New York City subways shutting down tonight ahead of 'megastorm'New York Gov. Andrew Cuomo has ordered New York City's transit service to suspend bus, subway, and commuter rail service in advance of the massive storm expected to hit the eastern third of the United States.
By: Associated Press, Associated Press
NEW YORK — New York City's subways, buses and commuter trains, which make up the nation's largest transit system, are shutting down Sunday night in advance of the massive storm expected to hit the eastern third of the United States.
"A situation like this, you don't want to be overly panicked and overly prepared, but you want to be prudent, you want to do what's necessary," New York Gov. Andrew Cuomo said Sunday in announcing the suspension.
Hurricane Sandy was headed north from the Caribbean, and was expected to meet a winter storm and a cold front to create a megastorm expected to cause chaos over 800 miles.
"As the storm has not changed course, the storm is still heading to this general area. ... We think it's prudent now to take additional action," Cuomo said.
With a daily ridership of more than 5 million, New York City's subway system is by far the nation's largest. Many New Yorkers do not have cars and depend on subways and buses to get to work, school and around town.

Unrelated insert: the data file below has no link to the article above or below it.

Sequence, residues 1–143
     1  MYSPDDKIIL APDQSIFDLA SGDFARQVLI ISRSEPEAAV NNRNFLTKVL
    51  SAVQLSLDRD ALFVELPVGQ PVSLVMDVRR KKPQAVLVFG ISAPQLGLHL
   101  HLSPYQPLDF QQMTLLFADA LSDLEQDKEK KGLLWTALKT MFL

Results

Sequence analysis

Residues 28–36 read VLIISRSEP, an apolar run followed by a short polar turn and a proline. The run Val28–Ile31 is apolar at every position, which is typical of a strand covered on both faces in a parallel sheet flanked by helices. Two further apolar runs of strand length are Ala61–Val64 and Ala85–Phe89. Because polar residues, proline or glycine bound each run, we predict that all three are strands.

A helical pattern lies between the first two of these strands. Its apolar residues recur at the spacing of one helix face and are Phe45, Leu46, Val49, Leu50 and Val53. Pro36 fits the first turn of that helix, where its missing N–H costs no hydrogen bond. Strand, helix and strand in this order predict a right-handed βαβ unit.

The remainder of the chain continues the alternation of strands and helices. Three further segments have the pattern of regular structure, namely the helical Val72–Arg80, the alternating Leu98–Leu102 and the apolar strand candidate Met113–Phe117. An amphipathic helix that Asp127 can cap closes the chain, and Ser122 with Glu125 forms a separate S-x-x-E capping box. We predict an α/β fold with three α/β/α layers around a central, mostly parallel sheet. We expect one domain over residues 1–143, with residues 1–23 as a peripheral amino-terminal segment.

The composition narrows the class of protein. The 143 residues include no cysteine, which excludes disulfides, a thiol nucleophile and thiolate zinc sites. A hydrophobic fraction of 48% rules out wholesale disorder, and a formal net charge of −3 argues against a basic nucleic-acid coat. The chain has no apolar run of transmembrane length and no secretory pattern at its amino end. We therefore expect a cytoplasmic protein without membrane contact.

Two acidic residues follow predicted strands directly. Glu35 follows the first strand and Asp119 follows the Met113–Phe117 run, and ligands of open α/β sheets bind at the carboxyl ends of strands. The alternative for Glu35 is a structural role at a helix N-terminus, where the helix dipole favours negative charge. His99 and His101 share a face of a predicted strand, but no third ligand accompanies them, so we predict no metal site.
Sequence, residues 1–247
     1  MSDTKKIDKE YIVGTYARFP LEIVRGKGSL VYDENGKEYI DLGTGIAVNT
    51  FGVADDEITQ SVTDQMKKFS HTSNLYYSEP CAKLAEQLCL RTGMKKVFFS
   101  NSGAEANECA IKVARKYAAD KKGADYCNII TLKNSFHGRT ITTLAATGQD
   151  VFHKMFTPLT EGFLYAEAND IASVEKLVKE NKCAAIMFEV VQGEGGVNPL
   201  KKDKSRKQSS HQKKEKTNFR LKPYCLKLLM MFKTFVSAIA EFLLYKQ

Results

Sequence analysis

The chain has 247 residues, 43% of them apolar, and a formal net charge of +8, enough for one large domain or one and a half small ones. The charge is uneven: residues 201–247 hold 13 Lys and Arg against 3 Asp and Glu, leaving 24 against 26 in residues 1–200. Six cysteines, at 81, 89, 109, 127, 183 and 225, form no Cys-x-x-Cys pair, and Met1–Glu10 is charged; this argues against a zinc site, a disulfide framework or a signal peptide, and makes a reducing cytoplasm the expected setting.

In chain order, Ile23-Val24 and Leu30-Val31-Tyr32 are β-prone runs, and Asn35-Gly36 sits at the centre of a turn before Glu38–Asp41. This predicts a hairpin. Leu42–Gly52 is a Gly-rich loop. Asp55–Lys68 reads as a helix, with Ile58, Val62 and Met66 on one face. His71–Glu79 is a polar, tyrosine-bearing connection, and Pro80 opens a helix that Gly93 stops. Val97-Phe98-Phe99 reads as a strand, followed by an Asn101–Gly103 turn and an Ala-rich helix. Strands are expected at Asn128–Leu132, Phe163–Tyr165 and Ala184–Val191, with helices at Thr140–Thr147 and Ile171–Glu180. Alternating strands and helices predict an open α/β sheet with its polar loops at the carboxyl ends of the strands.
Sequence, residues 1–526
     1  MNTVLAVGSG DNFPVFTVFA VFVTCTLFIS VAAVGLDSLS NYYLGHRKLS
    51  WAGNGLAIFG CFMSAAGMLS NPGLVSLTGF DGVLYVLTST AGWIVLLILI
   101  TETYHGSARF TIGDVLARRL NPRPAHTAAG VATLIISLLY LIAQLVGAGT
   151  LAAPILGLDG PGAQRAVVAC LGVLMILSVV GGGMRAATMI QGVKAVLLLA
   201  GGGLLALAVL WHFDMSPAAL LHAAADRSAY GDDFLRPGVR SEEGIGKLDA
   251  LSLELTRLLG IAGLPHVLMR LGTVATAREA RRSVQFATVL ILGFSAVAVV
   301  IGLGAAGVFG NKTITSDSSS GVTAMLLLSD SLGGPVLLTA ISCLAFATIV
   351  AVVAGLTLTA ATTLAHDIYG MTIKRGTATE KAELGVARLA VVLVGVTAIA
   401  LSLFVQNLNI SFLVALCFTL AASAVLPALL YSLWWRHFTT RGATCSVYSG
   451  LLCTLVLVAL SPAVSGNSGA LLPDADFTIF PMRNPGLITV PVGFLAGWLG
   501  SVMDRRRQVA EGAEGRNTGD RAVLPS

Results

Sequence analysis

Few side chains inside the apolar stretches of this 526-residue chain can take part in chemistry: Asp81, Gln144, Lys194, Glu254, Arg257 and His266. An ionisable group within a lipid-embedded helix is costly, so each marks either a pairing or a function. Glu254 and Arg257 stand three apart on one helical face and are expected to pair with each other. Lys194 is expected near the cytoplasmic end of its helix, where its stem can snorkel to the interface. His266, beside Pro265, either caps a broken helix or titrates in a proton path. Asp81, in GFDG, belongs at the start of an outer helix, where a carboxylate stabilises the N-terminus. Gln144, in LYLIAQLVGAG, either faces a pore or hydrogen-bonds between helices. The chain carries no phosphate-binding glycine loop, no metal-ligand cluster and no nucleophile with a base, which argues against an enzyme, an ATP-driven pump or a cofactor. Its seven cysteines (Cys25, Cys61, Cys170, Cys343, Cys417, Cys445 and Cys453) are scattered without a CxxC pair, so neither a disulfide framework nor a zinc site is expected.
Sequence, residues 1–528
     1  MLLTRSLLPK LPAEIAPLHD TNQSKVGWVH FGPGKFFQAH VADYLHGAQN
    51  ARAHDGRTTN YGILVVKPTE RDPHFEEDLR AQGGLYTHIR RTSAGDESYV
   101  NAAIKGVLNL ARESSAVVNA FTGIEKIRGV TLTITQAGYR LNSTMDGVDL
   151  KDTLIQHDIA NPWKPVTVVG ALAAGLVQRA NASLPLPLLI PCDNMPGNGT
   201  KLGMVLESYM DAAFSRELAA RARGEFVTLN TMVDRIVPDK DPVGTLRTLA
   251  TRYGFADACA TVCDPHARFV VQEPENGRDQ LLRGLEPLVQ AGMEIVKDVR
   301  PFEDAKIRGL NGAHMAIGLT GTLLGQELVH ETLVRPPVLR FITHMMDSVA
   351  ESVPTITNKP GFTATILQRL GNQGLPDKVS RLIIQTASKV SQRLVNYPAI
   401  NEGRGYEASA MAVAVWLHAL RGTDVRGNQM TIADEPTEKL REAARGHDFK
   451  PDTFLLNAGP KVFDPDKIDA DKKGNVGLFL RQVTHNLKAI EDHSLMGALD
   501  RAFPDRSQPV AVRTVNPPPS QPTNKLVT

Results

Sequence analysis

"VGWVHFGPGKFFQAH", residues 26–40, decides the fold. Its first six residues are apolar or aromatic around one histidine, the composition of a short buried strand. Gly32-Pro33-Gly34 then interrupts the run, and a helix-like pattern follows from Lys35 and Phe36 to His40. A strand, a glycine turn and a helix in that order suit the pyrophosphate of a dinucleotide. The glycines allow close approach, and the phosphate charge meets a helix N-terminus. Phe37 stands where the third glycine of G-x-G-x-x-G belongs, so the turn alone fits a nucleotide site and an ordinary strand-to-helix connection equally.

Cuomo says the system will be suspended starting at 7 p.m. Sunday, when the last subways and final Metro-North and Long Island Rail Road commuter trains would run. The last buses will run at 9 p.m. He said the decision to shut down the area's bridges and tunnels would be made on a case-by-case basis.
It was the second time in two years that a weather-related suspension has taken place. Service was also suspended during Tropical Storm Irene last year.
Witlet Maceno, an emergency room nurse working at Manhattan's Mount Sinai Hospital, was headed home to Staten Island on Sunday morning after his overnight shift.
He said he was going home to check on his parents, visiting from Atlanta, before he returns to work Sunday evening.
"I'm making sure they're OK, that they have water and food, and that the windows are shut tight," he said. "And I'm going to remove stuff outside that could go flying into the windows" of his street-level apartment.
He said he's counting on the security guard at his gated community to respond to any emergency his parents might have, since the house telephone is linked to a combined TV and Internet line that could be knocked out.
"I don't have a regular landline," he said. "But I think they'll be OK."